The British Government has been heavily criticised for allowing arms sales to a number of Arab governments that have cracked down on pro-democracy protests in recent weeks, killing scores of people and injuring thousands more in demonstrations across the region….

David Cameron and other leading Conservative cabinet ministers have long standing ties to Bahrain. A year before last May’s General Election, the then Leader of the Opposition received a “gift of a fountain pen and half suite cufflinks and studs, provided by His Majesty Sheikh Hamad bin Isa Al Khalifa,” the King of Bahrain. The present is listed in the Register of MPs’ interests. Defence Secretary Liam Fox registered travel expenses worth £1,400 paid for by the Bahrain government….

Denis MacShane said that the idea of civilians dying because of British manufactured arms made him feel “physically sick”. “With the protests spreading across the Middle East, I am very concerned that once Britain is going to be caught on the wrong side of history again, defending the indefensible,” he said.

The Foreign Office policy to date chimes with a determination at the top of government to put commercial interests at the heart of British foreign policy. Within weeks of entering Downing Street last year, David Cameron embarked on one of Britain’s biggest ever trade delegations, to India, during which the two governments announced a deal between BAE Systems, Rolls-Royce and Indian aerospace group Hindustan Aeronautics to supply 57 Hawk trainer jets….

Britain’s ingrained position in the Middle Eastern arms market is further underlined by the expected presence of at least 92 British companies at a pan-Middle East arms fair, scheduled to be opened in Abu Dhabi on Sunday. The chairman of the IDEX event, Sheikh Sultan Bin Tahnoon Al Nahyan, a member of the Abu Dhabi ruling family, and the chairman Abu Dhabi National Exhibitions Company, says on its website: “Over the recent years significant investment in resources and facilities at our host venue… have enabled IDEX to sustain its reputation as the largest defence exhibition in the Middle East and North Africa region.”[…]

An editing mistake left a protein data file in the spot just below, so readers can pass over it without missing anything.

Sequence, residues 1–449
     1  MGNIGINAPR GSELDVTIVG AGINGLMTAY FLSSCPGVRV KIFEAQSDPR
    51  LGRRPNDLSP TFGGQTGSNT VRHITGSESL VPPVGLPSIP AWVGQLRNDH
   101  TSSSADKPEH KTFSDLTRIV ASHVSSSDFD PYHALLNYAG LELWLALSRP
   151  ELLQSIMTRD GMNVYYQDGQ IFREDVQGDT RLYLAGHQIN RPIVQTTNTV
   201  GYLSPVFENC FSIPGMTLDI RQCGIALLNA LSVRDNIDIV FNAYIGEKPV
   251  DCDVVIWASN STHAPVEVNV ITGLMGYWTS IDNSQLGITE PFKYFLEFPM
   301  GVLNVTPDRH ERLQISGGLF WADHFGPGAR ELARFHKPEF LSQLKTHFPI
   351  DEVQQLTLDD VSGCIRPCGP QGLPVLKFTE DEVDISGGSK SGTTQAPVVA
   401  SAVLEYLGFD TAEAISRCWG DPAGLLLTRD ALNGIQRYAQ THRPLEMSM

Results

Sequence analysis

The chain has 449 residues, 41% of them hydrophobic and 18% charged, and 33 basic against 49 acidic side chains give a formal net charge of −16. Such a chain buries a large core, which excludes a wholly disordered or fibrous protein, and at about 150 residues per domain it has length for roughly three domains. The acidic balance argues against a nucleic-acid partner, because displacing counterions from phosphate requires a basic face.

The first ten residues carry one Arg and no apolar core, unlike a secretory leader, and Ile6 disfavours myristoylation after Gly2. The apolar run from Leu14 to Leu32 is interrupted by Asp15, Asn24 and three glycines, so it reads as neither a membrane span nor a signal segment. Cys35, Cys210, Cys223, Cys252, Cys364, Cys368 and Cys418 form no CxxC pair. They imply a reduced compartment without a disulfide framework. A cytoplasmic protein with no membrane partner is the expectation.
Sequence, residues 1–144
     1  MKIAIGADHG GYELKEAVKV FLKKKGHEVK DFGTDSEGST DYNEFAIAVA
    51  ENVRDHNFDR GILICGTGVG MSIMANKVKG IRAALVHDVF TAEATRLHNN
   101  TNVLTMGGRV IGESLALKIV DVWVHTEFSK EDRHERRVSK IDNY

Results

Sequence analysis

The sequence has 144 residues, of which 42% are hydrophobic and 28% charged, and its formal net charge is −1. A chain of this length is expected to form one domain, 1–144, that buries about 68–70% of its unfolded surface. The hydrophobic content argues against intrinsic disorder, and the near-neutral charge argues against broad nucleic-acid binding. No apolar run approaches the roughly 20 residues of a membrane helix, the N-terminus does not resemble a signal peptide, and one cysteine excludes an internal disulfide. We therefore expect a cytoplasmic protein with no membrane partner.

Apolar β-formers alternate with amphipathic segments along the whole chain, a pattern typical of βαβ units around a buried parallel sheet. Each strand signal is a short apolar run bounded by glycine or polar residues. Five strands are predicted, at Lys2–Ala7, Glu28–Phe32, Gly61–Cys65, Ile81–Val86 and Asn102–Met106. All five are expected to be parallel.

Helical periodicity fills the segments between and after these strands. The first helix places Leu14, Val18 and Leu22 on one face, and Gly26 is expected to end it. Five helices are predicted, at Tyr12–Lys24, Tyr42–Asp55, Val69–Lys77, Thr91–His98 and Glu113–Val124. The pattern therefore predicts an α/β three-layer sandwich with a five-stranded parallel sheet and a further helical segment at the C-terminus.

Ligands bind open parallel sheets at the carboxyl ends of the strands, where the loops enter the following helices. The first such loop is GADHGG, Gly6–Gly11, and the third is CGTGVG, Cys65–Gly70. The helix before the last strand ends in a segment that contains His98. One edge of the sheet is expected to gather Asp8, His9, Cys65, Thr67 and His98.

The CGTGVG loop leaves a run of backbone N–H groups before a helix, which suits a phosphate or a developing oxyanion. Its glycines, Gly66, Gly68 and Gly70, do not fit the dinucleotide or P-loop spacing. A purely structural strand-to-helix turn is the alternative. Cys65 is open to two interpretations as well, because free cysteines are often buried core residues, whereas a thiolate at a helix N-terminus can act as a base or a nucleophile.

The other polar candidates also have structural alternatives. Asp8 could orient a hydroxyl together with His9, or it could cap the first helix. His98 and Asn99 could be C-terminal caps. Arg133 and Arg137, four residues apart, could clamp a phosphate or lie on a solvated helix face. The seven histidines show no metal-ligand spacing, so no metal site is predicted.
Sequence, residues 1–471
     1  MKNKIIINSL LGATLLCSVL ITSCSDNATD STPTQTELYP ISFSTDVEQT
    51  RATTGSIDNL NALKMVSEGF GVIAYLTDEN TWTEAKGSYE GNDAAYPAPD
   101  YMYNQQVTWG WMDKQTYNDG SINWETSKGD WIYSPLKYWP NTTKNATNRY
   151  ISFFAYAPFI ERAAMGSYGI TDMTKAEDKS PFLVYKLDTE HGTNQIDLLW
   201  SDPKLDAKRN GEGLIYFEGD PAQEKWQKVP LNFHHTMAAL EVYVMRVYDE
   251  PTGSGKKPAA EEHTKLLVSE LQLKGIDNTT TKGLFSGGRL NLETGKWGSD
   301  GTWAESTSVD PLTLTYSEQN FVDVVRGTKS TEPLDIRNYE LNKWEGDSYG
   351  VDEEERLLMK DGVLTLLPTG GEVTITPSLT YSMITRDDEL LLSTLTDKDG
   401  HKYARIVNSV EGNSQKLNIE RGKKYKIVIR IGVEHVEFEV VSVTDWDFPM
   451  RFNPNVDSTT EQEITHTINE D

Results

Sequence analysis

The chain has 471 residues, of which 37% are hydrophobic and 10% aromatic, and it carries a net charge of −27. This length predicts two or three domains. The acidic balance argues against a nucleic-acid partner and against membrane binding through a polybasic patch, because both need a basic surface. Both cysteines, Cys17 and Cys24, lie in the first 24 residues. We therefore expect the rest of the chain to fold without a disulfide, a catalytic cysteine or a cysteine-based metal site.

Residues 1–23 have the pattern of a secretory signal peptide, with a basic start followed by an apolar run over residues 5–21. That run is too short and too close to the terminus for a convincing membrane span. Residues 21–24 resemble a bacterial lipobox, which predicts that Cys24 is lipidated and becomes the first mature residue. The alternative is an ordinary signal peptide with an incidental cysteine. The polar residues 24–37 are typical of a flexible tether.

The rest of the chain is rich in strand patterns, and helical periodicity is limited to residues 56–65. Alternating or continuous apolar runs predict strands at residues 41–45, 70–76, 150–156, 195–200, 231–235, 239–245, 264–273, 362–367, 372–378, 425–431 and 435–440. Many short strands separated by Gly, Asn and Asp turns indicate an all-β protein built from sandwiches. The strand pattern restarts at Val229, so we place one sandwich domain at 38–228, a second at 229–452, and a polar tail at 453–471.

German arms used to crush protests in Bahrain: MP

German weapons are being used to suppress peaceful protests in Bahrain, said a senior legislator of the opposition party The Left (Die Linke) here Wednesday.

Addressing the German parliament during a live debate on the upheavals in the Arab world, Wolfgang Gehrcke pointed out that part of the weapons deployed by Bahrain’s security forces against anti-government protesters were supplied by Germany.

The foreign policy spokesman of The Left party called for an ‘immediate end’ to the delivery of German arms to the Bahraini regime. Germany’s overall arms export to the Near-and Middle East hovers around 1.1 billion euros and includes other recipient countries like Egypt, Bahrain, Saudi Arabia, Kuwait and the United Arab Emirates. In 2009, the United Arab Emirates was among the three leading recipients of German weapons, according to the latest report released by the German government.

The tiny Persian Gulf sheikdom was ranked second after the US in terms of total German arms exports last year which stood at 5.04 billion euros. Germany sold around 540.7 million euros worth of military hardware to the UAE, among them radar and steering systems, torpedoes, simulators, missiles, hand grenades, armored vehicles, tank spare parts, automatic cannons. amphibious vehicles and trucks.